"May my privileges continue to drive me downward toward my brothers and sisters without. Greater yet, I am tired of calling the suffering "brothers and sisters" when I would never allow by biological siblings to suffer likewise. That's just hypocrisy veiled in altruism. I won't defile my blessings by imagining I deserve them. Until every human receives the dignity I casually enjoy, I pray my heart aches with tension and my belly rumbles for injustice." Jen Hatmaker

"Suddenly the terrible dangers of lacking nothing became clear to us. Having everything just because you can is a trap. It numbs and blinds the human spirit. It can separate us from our calling and our privilege as Christians in this needy world." Mike Yankoski

"In a world overwhelmed with words, sometimes the most powerful communication is action fueled and inspired by love." Mark Scandrette

"You who are God's servants are living in a foreign country, for your own country is far away from this city-state. Knowing which is yours, why do you acquire fields, costly furnishings, buildings, and frail dwellings here? Anyone who acquires things for himself in this city cannot expect to find the way home to his own city. Do you not realize that all these things here do not belong to you, that they are under a power alien to your nature? ... Acquire no more here than what is absolutely necessary. Instead of fields, buy yourselves people in distress according to your means so they might have more and you might have the same." Hermas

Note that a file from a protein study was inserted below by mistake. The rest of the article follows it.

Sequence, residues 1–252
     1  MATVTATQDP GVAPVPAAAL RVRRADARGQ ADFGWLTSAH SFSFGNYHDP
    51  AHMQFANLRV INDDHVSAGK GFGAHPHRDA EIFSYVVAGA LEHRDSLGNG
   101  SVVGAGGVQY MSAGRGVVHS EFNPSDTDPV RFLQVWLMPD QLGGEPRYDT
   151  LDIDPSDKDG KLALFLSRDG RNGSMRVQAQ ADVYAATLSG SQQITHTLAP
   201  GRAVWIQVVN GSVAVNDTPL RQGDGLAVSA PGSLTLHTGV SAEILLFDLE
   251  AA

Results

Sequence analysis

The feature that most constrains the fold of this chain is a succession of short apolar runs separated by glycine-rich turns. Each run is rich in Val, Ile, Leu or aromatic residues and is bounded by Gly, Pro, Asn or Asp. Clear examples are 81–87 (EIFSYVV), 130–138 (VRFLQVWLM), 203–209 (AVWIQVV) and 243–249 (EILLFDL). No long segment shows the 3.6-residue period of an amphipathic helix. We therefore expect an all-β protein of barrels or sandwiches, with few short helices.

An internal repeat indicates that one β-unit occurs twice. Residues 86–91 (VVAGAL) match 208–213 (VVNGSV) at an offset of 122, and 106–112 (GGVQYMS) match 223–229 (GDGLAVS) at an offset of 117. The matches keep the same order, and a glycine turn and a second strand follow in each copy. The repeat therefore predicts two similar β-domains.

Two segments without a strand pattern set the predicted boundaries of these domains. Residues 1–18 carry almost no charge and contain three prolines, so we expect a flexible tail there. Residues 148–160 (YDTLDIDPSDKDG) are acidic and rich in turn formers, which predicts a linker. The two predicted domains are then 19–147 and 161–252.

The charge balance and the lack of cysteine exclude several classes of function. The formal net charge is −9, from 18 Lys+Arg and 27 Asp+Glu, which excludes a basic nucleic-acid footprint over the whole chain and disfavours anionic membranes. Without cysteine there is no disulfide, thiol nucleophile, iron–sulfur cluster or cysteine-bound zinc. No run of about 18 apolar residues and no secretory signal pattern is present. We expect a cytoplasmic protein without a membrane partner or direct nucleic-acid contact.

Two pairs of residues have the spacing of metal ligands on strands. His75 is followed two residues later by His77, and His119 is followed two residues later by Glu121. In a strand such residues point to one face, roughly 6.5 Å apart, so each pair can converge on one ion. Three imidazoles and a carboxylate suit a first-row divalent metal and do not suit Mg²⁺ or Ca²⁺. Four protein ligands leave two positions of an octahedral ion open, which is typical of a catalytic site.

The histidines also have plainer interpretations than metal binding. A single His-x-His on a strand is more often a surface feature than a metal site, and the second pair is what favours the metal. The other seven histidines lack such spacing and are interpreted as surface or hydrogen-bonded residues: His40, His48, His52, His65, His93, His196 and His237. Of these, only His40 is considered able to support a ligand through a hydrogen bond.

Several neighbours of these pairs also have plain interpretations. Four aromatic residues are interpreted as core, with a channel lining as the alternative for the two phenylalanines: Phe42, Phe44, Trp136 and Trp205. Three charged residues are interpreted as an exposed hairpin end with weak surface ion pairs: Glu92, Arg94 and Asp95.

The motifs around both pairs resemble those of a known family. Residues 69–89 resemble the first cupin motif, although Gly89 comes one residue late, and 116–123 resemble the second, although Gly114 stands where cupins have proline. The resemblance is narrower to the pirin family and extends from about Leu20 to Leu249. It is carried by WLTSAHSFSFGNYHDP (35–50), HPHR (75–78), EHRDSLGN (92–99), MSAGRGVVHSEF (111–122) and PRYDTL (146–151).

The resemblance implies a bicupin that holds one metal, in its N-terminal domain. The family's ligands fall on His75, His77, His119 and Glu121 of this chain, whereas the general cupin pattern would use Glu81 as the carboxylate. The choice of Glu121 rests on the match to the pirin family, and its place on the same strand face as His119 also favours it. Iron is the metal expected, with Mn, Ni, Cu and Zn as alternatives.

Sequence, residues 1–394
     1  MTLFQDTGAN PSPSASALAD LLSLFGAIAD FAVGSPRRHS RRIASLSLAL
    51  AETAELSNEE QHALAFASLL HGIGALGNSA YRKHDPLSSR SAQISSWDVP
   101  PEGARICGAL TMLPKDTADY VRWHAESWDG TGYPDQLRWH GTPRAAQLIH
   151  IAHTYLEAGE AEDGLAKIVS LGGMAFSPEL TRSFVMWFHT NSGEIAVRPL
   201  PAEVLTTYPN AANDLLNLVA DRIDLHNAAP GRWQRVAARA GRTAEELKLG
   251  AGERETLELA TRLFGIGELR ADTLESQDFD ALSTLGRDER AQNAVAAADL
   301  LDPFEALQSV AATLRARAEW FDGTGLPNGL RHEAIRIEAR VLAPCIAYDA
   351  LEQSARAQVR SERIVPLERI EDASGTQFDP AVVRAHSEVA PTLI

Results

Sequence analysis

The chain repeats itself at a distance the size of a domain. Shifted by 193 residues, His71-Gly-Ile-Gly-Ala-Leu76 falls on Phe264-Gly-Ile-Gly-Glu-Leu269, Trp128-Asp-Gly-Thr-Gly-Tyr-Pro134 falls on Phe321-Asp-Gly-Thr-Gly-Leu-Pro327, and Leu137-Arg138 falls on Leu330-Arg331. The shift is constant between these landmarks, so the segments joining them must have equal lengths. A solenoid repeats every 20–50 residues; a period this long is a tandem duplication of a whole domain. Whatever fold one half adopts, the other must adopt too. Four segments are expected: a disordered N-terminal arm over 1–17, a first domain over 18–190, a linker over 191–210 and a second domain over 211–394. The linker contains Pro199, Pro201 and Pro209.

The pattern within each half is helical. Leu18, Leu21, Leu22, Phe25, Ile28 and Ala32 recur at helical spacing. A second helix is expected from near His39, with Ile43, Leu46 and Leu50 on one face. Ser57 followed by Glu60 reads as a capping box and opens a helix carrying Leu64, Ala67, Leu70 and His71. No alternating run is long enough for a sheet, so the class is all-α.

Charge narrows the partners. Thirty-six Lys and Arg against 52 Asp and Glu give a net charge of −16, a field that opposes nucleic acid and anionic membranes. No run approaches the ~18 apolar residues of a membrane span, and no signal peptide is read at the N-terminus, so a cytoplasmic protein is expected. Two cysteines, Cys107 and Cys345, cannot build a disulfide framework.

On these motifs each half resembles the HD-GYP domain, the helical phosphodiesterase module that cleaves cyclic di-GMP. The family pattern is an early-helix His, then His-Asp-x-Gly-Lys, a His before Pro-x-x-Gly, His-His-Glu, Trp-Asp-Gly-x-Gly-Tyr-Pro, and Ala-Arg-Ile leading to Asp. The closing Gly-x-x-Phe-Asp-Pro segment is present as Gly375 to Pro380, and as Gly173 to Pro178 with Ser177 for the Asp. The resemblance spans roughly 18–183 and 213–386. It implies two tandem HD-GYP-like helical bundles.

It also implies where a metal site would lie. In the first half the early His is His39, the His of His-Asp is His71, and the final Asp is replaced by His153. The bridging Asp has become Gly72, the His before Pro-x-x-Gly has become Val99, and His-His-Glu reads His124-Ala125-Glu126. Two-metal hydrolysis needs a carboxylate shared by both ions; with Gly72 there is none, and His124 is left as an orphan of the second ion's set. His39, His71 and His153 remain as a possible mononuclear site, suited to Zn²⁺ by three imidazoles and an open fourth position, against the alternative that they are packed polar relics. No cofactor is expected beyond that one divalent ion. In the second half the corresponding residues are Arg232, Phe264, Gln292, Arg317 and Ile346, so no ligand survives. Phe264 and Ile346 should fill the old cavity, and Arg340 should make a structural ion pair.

"If I am crazy, it's because I refuse to be crazy in the same way the world has gone crazy." Peter Maurin

15 October 2012

World Food Day

"Nearly one in seven people suffers from undernourishment, yet the world has the means to eliminate hunger and fuel sustainable development."

This Tuesday, October 16th, is World Food Day. Created in 1979 by FAO, it is meant to raise awareness and promote solutions concerning hunger, malnutrition, and poverty. There is enough food already produced to feed the entire world population, yet there are still around 868 million people who suffer from malnourishment. FAO believes it is not only possible, but very feasible to provide access to regular and nutritional foods to those without. They believe Coops, small farms and sustainable living are the answer.

Find out what you can do to help at http://www.worldfooddayusa.org/act.

13 October 2012

The War on Plastic